“Landry! Get your tush moving. The bus will be here in less than two minutes,” Mom said.
“Coming.” I grabbed my jacket and my baby blue backpack. I rushed to the kitchen where Mom had put my lunch money on the table.
“Don’t forget I have a meeting at five at work so you cannot miss the bus or else you’ll be stuck at school, got it?” she said.
“Right, miss the bus and have to live at the school due to child neglect.”
“Funny. Do not dawdle in the hall after your last class. Get right out there to the buses.”
Dawdle? Seriously? I was not a little kid, but I nodded and walked out to the bus stop where my friend Devon Abrams was standing eating a breakfast bar.
“Hey, where’s everybody else?” I asked, glancing around.
She shrugged. “I saw Ericka Maines’s mom pull into Tori Robins’s driveway. They’re getting a ride today. Probably because they want to go over the review sheet for the big social studies test.”
My stomach dropped. No. NO. Nonononono. I had completely forgotten about the test. With all the American Ingénue stuff online last night and Vladi coming over, and the kiss—the last thing on my mind was school. There was no way I could pass this test. If I could just run home before my mom left, I could tell her I felt sick and she might let me stay home and I wouldn’t fail my test.
Feeling sick, I began to walk toward my house when my mother’s car backed out of the driveway and tore down the street. I started to jog down the street hoping I could catch up to her at the stop sign.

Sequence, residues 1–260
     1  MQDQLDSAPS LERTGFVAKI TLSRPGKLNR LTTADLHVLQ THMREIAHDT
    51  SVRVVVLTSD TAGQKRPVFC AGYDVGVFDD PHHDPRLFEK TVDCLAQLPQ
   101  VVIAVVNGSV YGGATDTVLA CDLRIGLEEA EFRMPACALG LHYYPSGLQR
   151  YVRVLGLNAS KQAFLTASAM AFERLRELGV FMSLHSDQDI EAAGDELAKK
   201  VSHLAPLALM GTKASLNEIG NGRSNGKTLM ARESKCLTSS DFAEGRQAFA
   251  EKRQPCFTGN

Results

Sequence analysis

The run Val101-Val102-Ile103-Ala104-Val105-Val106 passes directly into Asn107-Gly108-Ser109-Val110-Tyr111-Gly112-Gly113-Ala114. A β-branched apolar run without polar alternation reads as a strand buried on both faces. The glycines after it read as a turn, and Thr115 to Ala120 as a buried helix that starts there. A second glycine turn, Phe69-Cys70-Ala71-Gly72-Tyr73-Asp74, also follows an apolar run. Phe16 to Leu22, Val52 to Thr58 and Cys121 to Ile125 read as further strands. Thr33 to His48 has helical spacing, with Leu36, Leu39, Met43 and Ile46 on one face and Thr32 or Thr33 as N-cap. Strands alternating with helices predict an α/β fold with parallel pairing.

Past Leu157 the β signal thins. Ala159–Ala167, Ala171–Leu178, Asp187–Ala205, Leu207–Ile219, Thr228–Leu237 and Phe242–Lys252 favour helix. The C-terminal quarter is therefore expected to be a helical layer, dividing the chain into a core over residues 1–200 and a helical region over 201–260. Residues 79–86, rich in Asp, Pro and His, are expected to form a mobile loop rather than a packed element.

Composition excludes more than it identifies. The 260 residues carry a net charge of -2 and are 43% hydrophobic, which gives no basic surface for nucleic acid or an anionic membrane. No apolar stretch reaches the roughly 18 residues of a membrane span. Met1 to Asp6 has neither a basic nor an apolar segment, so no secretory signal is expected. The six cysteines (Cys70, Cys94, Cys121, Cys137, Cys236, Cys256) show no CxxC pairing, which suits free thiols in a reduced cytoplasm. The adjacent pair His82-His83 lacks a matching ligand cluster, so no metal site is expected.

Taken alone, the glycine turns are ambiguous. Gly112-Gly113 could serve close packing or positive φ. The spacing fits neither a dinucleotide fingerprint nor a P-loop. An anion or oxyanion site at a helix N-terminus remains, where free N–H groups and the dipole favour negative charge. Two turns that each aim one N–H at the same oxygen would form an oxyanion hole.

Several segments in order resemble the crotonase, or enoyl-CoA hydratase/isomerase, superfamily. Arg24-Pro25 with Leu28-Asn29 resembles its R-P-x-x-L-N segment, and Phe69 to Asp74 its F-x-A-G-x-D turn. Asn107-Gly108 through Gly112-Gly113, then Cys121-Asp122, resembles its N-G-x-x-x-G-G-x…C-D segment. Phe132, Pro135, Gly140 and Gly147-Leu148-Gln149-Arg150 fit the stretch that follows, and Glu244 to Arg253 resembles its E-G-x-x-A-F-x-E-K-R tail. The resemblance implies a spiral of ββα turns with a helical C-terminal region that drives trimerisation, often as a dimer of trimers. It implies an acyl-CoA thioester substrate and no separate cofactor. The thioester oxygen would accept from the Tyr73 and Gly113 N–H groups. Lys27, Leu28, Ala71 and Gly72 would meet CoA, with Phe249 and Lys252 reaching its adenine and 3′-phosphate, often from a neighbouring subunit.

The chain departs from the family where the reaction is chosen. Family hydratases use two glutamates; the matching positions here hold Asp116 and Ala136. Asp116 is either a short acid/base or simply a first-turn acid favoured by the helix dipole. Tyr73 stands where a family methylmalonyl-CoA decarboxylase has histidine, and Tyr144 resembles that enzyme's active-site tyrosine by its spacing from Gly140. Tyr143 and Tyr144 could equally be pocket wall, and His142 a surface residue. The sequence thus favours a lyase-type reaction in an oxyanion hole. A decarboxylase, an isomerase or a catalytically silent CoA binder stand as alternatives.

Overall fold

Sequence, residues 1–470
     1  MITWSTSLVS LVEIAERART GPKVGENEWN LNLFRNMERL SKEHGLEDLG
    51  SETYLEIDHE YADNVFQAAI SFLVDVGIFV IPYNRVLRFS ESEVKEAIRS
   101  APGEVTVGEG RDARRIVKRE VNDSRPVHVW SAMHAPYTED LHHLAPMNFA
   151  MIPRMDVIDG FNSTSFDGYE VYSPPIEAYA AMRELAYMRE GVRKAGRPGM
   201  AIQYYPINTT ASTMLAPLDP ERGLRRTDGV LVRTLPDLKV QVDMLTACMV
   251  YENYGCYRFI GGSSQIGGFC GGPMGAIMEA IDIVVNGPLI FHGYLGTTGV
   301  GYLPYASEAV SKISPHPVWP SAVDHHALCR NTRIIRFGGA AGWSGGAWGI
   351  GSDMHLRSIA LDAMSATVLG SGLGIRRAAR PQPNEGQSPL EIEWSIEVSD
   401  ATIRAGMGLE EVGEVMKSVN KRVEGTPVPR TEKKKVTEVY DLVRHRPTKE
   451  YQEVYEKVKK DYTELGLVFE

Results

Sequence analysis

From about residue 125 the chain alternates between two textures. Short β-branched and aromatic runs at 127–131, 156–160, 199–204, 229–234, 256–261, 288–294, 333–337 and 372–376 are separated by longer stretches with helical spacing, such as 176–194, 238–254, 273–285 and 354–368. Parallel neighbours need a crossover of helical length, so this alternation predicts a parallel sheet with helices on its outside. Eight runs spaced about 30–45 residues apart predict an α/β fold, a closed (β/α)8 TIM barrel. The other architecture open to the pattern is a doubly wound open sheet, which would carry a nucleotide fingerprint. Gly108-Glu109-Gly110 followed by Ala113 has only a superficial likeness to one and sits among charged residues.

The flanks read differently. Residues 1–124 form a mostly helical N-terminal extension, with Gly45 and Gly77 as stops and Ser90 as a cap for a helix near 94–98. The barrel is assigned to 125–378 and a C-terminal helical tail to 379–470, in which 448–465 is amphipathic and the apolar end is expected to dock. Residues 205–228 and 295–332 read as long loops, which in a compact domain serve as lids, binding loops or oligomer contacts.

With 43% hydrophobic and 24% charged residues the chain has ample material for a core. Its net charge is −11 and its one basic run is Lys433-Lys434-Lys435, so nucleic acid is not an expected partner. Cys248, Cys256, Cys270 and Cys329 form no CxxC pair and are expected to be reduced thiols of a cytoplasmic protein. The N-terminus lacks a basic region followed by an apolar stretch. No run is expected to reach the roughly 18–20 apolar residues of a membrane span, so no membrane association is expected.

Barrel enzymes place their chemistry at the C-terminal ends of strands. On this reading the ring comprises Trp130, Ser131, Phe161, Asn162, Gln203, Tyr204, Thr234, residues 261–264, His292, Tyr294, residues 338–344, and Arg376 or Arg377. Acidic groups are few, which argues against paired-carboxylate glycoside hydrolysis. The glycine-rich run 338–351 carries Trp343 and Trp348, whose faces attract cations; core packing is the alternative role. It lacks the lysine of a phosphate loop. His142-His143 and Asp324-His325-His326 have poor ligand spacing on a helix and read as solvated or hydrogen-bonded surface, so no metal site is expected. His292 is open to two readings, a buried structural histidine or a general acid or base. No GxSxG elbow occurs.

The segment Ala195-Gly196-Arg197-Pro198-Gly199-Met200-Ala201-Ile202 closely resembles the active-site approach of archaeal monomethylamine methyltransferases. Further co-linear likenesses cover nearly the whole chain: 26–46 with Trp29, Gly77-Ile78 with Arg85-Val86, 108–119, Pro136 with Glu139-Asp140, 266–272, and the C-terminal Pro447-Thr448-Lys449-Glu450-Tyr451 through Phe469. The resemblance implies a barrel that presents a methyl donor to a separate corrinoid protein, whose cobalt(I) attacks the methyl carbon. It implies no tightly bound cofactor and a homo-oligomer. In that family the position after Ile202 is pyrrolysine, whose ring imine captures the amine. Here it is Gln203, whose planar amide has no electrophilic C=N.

“Landry?” I heard Devon calling after me.
Diamond Avenue was a pretty busy street in Grand Rapids, but for the first time ever in life, my mom just had to pause for a second before turning onto it and taking off, leaving me standing there panting and sweaty. No, this could not be happening. Now my big day to announce my news was ruined. I was going to flunk a test, and I was all gross and sweaty and I was pretty sure my deodorant was failing me. To make matters worse, I spun around in time to see the bus pull up. Luckily, Devon saw me running and told the driver to wait. I felt like a total idiot as I ran to the bus getting even sweatier.
“You need to be on time,” the driver told me. “I can’t wait because you got up late.”
“I was there, I just—”
“Please be seated,” she said, cutting me off. Meanwhile, people were smirking at me for having to run down the sidewalk to catch the stupid bus. I sat down next to Devon who immediately handed me a mirror.
“That bad?” I asked.
“Um… not your best. Do you have any powder? You’re kinda shiny, too.”
I groaned. “I have some, Landry,” Peyton Urich, one of my best friends, said reaching over the seat with her anti-shine powder compact.
Peyton had dark red hair, so we didn’t have quite the same coloring, but we were both pretty fair, so the powder wouldn’t look too weird.
“Does anyone have a tissue? I need to apply it.”
“No worries, you can use my powder puff thingie,” Peyton said.
“Are you sure? I don’t want to get it gross.”
“Nah, you’re fine. I wash it once a week anyway.”
I opened her compact. Great. All the running and perspiring had caused most of my concealer to fade away.
“Anyone have any cover up?” I asked. No one did, but Ashanti Russell, my other bestie, let me borrow her plum lip gloss so the focus would be on my lips and not my pimple.
“Don’t worry,” India Allen said, leaning over the seat. “Everyone will be worried about the test that no one’s ever going to notice a zit.”
I knew she was trying to be helpful, but all I heard was, “Your skin is gross and prepare to flunk out of school.” It was just not my day.